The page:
Ronald Cruz: Your question, I’m sorry?

Thom Hartmann: Has there been any discussion of rolling back Reagan’s ending free public education in California?

Ronald Cruz: Right, there’s been the whole tax revolt coming out of the ‘70s, there’s been a lot of talks within the movement of fighting to overturn prop 13, to tax the rich and billionaires, to pay for public education. And yeah, people are sick and tired of fees going up every year and know that, well many, not within our own living memory, know that UC used to be free. And just to respond to what he said, the movements of the campuses were tremendous and advanced everybody. One free speech ended a costly and immoral war in Vietnam and really reshaped our society to be more democratic and egalitarian. And that’s what the students who were there last Wednesday were saying that we cannot let the rich, who are leading our globe to ruin at the moment, and have no solutions for the economy or the environmental crisis, cannot be the ones who solely lead the way. That our universities should be places of critical thinking and free inquiry in which we collectively solve the problems that face us. Because what’s going on right now is just a dead end road. And Ronald Reagan is among the, was among the 1% and you know I frankly don’t really care about his opinion.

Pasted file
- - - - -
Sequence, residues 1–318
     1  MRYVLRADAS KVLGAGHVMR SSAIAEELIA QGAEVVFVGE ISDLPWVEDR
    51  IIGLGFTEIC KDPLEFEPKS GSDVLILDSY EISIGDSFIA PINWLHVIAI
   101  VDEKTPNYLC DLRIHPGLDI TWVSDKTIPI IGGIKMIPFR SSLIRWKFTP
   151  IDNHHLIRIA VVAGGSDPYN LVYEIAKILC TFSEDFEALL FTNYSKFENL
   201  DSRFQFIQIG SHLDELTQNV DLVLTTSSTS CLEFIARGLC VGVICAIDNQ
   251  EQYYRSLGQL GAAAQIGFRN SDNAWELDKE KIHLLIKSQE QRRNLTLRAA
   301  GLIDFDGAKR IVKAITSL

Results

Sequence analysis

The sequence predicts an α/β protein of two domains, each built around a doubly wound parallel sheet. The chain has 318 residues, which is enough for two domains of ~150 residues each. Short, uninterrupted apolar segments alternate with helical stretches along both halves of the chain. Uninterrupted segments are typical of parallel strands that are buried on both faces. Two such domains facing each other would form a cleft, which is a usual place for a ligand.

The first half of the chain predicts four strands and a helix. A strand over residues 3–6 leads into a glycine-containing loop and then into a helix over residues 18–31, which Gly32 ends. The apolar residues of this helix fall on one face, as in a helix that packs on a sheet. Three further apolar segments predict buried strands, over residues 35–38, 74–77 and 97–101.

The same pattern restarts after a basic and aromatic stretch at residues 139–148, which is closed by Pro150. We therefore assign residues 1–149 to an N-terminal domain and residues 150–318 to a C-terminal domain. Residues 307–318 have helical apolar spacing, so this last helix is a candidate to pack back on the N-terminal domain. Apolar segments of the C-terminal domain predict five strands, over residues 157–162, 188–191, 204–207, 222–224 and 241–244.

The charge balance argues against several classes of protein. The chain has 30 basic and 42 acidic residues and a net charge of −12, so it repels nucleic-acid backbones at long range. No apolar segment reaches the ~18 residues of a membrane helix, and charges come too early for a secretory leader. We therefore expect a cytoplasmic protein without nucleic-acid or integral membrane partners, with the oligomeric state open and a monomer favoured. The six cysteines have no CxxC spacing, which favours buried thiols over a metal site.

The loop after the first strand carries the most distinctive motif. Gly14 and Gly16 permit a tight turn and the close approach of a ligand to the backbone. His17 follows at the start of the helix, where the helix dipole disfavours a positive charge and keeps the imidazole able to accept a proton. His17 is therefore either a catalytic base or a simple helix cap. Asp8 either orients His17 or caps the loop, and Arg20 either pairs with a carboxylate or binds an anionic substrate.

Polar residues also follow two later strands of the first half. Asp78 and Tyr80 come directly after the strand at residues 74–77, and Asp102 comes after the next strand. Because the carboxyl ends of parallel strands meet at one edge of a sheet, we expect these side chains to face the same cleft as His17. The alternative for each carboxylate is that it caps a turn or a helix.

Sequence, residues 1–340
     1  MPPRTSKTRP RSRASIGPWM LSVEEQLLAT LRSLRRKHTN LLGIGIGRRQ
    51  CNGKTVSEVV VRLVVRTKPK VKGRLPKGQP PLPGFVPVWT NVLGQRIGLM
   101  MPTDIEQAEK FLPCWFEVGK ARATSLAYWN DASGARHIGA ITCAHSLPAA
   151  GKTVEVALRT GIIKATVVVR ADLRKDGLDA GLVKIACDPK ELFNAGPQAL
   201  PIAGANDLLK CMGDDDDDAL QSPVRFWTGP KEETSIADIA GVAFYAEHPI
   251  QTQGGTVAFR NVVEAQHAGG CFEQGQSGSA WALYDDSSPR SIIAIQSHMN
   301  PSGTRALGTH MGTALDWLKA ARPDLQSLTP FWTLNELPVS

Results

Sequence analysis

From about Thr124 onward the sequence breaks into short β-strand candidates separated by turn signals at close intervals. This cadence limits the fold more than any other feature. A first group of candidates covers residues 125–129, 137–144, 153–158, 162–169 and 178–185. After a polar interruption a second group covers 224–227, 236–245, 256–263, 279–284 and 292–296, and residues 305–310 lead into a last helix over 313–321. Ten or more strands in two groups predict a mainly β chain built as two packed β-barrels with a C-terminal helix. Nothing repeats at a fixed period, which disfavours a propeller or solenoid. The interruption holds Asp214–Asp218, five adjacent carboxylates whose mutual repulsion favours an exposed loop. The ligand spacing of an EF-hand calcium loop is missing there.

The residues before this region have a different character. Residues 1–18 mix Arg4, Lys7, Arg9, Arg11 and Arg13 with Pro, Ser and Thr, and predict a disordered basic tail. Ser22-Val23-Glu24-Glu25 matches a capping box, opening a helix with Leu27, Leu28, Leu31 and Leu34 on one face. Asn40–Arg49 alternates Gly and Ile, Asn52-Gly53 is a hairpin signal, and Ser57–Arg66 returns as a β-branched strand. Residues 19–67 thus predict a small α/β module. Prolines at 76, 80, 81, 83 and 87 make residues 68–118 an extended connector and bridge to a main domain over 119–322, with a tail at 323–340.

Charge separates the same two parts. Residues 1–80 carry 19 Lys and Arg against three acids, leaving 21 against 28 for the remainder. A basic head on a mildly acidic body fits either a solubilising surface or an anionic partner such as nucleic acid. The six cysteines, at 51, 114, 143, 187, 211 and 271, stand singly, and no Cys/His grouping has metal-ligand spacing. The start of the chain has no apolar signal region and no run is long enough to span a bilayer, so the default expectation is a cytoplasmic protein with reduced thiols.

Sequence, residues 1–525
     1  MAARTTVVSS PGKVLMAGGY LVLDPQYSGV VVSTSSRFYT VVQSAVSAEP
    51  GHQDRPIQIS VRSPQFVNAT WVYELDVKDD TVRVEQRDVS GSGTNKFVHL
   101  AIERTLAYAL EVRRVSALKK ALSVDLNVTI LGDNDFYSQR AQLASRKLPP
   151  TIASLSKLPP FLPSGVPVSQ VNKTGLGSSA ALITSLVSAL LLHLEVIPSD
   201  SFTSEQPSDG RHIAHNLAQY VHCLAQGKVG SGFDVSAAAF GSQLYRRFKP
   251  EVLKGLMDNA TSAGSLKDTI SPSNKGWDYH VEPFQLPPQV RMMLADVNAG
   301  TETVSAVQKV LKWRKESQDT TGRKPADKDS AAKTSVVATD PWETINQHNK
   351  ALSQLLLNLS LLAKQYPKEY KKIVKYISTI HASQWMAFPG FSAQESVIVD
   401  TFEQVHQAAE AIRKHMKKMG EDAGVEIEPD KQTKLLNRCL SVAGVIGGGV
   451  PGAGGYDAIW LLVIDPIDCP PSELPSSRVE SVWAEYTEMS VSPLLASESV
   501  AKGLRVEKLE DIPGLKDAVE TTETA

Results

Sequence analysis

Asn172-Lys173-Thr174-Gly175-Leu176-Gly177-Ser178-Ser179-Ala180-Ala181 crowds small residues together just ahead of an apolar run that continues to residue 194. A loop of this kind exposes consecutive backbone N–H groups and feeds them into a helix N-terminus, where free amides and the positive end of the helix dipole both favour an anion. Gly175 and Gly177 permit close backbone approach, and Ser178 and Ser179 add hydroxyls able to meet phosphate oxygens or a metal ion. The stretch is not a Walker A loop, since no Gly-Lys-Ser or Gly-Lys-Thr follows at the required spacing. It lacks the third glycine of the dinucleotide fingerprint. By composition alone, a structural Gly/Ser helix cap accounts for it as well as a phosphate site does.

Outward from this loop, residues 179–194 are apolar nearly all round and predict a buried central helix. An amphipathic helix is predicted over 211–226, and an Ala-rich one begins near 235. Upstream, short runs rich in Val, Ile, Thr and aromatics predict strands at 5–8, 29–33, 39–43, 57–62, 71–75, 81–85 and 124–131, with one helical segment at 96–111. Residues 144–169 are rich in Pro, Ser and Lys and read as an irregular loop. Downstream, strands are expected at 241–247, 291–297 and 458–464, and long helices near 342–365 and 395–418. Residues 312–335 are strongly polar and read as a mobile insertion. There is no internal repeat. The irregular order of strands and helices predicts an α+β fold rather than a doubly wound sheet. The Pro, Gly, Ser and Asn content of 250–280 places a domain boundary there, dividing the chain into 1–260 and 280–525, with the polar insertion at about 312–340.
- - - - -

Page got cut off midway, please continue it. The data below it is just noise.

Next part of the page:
Thom Hartmann: Yeah. Well I’m more concerned about his actions frankly. And his actions were to end free public education in California when he was governor. And then when he became president to drop the top tax rate on millionaires and billionaires from 73%, 74%, which caused CEOs to only take 30 times what their average workers made because, anything beyond that just went to the government. Dropped that down to 28% which caused this explosion of wealth and a 30 year collapse in the middle class. But in any case, what is Occupy Cal going to be doing now that the Occupys are starting to be forcefully shut down. Is there a plan B beyond simple resistance?

Ronald Cruz: well with the strike tomorrow we do intend to begin the encampment again. And there are already, there already is a response in Oakland to have an emergency response demonstration this afternoon. Mayor Quan did clear this out, clear out the camp two, three weeks ago and we saw where that ended up. And also we are going to be going to the UC Regents meeting this Wednesday to shut it down. And basically it’s many, we’ve seen so far and it was true in the 1960s, all these efforts to use violence to quell free speech and people striving for democracy will only increase the support of the movement. As long as we continue fighting. And we’re just very confidant that our movement is on the rise. And we’ve got to continue to take actions where we are and you know, just march and march forward.

Thom Hartmann: But Ronald, if you look at for example the civil rights movement, the language of violence, continue fighting, for example, was largely, not entirely, but largely absent. There were no efforts to shut things down. The whole, isn’t shutting down a meeting of the regents its own form of violence?